Continued irregularities with regard to dolphin transfers between Member States


18 December 2013   

Isabella Lövin (Verts/ALE)

In 2010 11 bottlenose dolphins were transferred from the Lithuanian Sea Museum to Attica Zoological Park in Greece, while the dolphinarium in Lithuania underwent refurbishment. The animals began performing in shows in Greece’s new dolphinarium, although the zoo had no planning permission for its new facility and permission had not been granted by the Greek authorities for the dolphins to enter the country. Furthermore, animal performances are now banned in Greece(1). Seven dolphins from a reported 14 now held at the Attica Zoo were transferred back to Lithuania in September 2013(2). The Greek authorities have confirmed that they accepted revised source codes for the dolphins for their transfer certificates to Lithuania. Since the dolphins’ arrival in Lithuania, one female has given birth, in spite of the International Air Transport Association’s live animal regulations stating that ‘heavily pregnant animals must not be carried except under exceptional circumstances’. International Air Transport Association rules for the transport of animals listed under the Convention on International Trade in Endangered Species, including dolphins, must be followed for a CITES permit to be valid. Furthermore, video footage shot by a Lithuanian media outlet of the September 2013 arrival in Lithuania from Greece of the dolphins from Attica Zoological Park suggests that the animals were transported in tanks of water with two animals in each. These transport conditions also violate the IATA’s live animal regulations, which require the use of an individual transport container for each dolphin, with a canvas sling for support Transfers which do not meet these regulations are also in violation of CITES.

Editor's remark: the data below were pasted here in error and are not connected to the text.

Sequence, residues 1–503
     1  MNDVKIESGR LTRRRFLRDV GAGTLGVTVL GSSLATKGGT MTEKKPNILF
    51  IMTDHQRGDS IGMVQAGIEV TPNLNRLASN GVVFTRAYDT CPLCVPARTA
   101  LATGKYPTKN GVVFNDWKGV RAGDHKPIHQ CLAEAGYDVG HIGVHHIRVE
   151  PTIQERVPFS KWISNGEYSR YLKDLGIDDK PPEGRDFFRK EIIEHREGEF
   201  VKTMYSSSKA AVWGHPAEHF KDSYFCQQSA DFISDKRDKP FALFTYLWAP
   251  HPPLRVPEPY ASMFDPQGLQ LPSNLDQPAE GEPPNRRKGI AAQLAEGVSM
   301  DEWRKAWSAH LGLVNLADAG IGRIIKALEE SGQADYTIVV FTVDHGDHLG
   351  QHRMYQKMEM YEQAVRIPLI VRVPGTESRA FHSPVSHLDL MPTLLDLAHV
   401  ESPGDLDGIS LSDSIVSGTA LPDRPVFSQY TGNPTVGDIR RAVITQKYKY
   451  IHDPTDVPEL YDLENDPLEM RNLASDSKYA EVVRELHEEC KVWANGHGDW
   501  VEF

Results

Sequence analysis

What action will the Commission take in response to these irregularities in dolphin trade between Greece and Lithuania?


13 March 2014


Answer given by Mr Potočnik on behalf of the Commission

The Lithuanian and Greek CITES Management Authorities have recently provided information to the Commission on the conditions under which the transfer of the seven dolphins to which the Honourable Member refers took place. According to this information, the transfer was in compliance with the standards of the International Air Transport Association, as well as with the EU legislation on the protection of animals during transport(1) and on the protection of species of wild fauna and flora by regulating trade therein(2).

(1) Council Regulation (EC) No 1/2005 of 22 December 2004 on the protection of animals during transport and related operations.
(2) Council Regulation (EC) No 338/97 of 9 December 1996 on the protection of species of wild fauna and flora by regulating trade therein.